On the Decay of the Art of Lying

Author: Mark Twain (Samuel Clemens)
Language: English
Wordcount: 2,165 / 13 pg
Flesch-Kincaid Reading Ease: 71.3
LoC Category: PS
Audiobook: www.gutenberg.org
Downloads: 3,506
mnybks.net#: 7060
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Excerpt

ne. Their mere howdy-do was a lie, because they didn't care how you did, except they were undertakers. To the ordinary inquirer you lied in return; for you made no conscientious diagnostic of your case, but answered at random, and usually missed it considerably. You lied to the undertaker, and said your health was failing--a wholly commendable lie, since it cost you nothing and pleased the other man. If a stranger called and interrupted you, you said with your hearty tongue, "I'm glad to see you," and said with your heartier soul, "I wish you were with the cannibals and it was dinner-time." When he went, you said regretfully, "Must you go?" and followed it with a "Call again;" but you did no harm, for you did not deceive anybody nor inflict any hurt, whereas the truth would have made you both unhappy.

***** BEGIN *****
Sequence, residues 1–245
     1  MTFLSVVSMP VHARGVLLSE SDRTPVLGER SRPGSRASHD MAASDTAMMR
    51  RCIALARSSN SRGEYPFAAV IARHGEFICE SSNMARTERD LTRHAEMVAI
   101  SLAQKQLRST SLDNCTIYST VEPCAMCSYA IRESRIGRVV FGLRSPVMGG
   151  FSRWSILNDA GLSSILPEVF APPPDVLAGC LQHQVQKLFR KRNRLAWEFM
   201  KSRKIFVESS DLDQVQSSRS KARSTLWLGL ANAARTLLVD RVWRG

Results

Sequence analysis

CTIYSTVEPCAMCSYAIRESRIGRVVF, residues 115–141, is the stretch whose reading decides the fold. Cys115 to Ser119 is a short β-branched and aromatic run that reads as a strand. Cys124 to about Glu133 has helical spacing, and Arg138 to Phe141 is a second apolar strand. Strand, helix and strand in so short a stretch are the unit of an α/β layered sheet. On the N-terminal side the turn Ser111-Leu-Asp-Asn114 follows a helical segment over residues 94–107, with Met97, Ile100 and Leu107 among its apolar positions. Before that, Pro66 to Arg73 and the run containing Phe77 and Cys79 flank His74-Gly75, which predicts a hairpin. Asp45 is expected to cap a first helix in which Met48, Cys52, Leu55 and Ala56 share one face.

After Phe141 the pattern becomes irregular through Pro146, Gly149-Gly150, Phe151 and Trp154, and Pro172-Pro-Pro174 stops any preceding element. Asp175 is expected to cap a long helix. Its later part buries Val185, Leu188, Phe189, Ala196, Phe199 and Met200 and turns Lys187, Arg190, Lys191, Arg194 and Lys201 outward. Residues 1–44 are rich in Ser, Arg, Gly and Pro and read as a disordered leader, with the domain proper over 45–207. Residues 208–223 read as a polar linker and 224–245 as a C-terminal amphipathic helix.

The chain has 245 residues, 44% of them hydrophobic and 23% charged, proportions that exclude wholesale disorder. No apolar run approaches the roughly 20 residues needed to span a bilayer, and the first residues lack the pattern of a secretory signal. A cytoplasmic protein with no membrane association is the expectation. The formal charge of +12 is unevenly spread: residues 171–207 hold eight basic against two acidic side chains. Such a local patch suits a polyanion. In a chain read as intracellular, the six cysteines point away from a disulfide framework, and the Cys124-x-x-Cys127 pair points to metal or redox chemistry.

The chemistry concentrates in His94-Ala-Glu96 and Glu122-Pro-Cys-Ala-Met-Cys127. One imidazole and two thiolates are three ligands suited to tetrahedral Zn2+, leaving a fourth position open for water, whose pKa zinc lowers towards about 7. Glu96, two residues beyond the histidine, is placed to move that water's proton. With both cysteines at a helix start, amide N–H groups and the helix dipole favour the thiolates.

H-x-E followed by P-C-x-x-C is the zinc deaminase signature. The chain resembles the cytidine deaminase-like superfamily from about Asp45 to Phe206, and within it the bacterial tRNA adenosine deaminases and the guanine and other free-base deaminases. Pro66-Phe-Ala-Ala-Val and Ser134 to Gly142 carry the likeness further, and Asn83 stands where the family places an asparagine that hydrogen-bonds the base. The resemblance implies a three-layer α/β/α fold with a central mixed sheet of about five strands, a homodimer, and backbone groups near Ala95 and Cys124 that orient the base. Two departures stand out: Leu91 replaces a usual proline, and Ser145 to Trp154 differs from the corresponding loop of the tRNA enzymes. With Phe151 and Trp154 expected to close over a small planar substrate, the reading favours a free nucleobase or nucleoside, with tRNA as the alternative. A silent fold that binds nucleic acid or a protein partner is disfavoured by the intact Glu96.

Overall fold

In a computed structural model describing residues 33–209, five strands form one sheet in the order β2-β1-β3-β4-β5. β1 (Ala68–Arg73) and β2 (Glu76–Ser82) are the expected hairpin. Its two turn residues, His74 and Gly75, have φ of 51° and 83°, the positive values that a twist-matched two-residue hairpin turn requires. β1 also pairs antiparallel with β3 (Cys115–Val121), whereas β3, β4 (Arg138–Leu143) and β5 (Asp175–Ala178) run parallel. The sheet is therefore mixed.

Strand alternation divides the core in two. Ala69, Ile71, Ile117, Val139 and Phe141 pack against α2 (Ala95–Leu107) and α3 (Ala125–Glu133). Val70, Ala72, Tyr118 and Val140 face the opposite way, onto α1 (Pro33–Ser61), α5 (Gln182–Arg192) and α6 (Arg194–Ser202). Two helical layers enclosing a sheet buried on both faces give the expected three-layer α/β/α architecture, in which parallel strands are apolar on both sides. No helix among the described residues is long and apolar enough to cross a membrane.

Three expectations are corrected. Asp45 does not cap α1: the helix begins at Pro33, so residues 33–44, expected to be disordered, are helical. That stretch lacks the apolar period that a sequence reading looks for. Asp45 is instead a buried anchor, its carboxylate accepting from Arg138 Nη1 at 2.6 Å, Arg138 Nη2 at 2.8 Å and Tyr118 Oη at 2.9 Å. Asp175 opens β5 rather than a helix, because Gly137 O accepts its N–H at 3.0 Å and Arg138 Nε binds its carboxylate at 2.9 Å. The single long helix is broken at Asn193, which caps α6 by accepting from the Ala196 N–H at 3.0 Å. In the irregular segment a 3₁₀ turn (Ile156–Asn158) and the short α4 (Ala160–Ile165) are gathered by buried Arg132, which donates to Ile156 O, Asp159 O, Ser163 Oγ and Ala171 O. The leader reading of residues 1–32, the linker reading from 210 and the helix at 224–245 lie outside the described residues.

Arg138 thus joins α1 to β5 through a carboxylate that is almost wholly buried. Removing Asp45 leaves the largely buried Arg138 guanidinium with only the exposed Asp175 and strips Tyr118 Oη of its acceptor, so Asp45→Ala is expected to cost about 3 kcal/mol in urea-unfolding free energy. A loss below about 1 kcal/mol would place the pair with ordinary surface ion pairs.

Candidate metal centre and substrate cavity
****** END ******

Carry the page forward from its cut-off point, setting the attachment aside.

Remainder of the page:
I think that all this courteous lying is a sweet and loving art, and should be cultivated. The highest perfection of politeness is only a beautiful edifice, built, from the base to the dom

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